I usually do not have overly creative / artsy projects for my classes, but for my Acts class this semester I decided to have one assignment which allowed students to create an art project which describes some aspect of a city Paul visited. I gave a few suggestions, but the class responded well to the challenge and brought in some very interesting artifacts to class. Big thanks for Leslie Pumford for a Roman breakfast (fruit, “biscuit” and honey) and Shaun Winters for a tasty Roman dessert (dates and a nut-paste). It was nice to have something to much while looking at the projects, but sadly the Romans did not drink coffee until the time of Constantine (Antony Wild, Coffee: A Dark History, 299).
Joe Cappon did an excellent oil painting of Paul’s conversion, or possibly Saul’s calling (depending on your perspective). I am planning on hanging this on the wall in the Bible / Theology wing, so be sure to stop and see it after Spring Break.
Jason Magnusen created a model of Philippi, highlighting the Roman Cardo and public buildings. We also had a clay-model of the Ephesian theater (Katlynn, Rachel and Kimmy) and a diorama of Ephesian culture from Jessica Daughtery. Tony Alexander did a very nice job creating an model of the harbor in Caesarea in Blender. I wish he had the time to do the whole city, but the section he did was very well done. Cameron Myers and Bryce Stanhope teamed up to create a model of the Temple to Apollo at Corinth (below). This is a pretty cool model, although I am not sure what I am going to do with it now. I am thinking of using Lego-People and creating a video of the Riot at Ephesus, but then again, maybe not.
We had a variety of other creative presentations (travel guides to first century Corinth, etc.) There were a few scrolls describing Syrian Antioch (Jennifer Warner). I particularly liked Christyn Benjamin’s Postcards from John Mark. Very nicely done and they tell the story well.
Just so you know I have not gone completely soft on students, quite a few wrote traditional papers researching the history of one of cities visited by Paul. To be honest, when I was a student I would have failed at creativity, but I could write a paper. In class, Joe Johnson said that his research on first-century Athens was quite valuable for understanding Paul’s sermon in Acts 17.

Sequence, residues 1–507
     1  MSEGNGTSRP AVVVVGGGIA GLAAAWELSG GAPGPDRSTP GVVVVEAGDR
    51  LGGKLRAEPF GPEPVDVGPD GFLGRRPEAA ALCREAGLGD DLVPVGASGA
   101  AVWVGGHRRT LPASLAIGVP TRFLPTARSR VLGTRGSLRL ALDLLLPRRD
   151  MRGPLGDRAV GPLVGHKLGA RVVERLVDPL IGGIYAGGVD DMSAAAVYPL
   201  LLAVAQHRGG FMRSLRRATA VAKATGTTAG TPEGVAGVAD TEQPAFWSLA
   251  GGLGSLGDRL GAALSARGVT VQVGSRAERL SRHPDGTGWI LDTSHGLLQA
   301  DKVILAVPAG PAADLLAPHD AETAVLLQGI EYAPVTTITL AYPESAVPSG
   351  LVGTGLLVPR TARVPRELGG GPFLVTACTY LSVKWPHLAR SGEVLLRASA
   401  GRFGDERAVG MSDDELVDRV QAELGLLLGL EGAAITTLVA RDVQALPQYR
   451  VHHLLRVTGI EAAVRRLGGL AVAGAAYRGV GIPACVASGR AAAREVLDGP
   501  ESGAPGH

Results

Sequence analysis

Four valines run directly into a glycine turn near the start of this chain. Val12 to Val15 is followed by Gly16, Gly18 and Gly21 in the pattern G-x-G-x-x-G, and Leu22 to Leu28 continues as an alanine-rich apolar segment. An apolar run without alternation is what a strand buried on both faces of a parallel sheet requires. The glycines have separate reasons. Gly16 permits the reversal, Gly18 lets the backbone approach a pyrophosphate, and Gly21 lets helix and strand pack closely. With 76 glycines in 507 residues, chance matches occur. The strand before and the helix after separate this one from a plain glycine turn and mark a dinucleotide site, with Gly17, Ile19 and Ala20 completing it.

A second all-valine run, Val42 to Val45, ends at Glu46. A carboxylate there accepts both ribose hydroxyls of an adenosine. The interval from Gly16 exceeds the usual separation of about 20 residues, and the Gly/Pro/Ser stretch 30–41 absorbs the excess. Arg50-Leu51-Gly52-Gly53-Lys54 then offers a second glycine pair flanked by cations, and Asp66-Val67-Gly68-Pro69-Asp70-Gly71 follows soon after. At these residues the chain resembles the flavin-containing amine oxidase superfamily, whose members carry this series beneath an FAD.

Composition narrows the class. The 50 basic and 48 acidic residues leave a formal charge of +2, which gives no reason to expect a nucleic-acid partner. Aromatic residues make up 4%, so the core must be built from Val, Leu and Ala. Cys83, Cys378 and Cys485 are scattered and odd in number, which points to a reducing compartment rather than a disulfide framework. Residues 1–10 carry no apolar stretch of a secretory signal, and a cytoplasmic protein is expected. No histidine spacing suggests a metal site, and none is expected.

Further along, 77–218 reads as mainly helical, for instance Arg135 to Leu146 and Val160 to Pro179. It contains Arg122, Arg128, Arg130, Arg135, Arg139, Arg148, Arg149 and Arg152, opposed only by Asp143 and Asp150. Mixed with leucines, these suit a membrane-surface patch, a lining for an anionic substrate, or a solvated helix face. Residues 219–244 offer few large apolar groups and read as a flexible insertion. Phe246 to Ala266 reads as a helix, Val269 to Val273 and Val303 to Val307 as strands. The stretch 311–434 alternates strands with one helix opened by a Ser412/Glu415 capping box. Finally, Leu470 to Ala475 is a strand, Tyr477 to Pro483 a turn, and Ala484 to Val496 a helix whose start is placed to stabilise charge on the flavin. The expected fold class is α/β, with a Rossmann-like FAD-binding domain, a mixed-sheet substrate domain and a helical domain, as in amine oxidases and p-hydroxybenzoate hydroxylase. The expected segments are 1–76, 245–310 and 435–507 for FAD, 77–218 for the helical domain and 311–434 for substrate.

I think everyone did a wonderful job, so thanks for making this first-ever experimental assignment a success. I am not sure how I follow this up in Pauline Lit next semester…abstract art which describes justification by faith?
5 thoughts on “Book of Acts Geography Project”
Hilarious post P. Long. Sorry I missed class and all that delicious not paste. And, I’ve already started my marble sculpture of Justification by Faith.
if it helps, I most definitely meant to say “nut” paste. Freudian slip, perhaps?
This project was good enough but I found it rather hard to find stuff from first century Jerusalem. I found a lot of how Jerusalem is now but I had a hard time finding from first century. Obviously I found enough to make what I did but I would have had a much easier time on doing a project of now Jerusalem, but yet I know you wanted it to be of when Paul visited and he visited it then and not now. But that is just my opinion.
I am a Bible teacher in FL and I accidentally stumbled upon this post. what a great idea. If you have a rubric for this assignment, would you mind sharing it?
I probably did have a rubric the first time I did the project, but I cannot find it at the moment. (To be honest, I am terrible at rubrics!) One thing I do recall is that I did not require a written explanation of the project. That is something that I changed in later iterations of the project. I wanted some sheet explaining “what did I learn from doing this project” summary from each student. In some cases, the project did not last past that class, since we ate the Roman food.
Thanks for stumbling on the blog!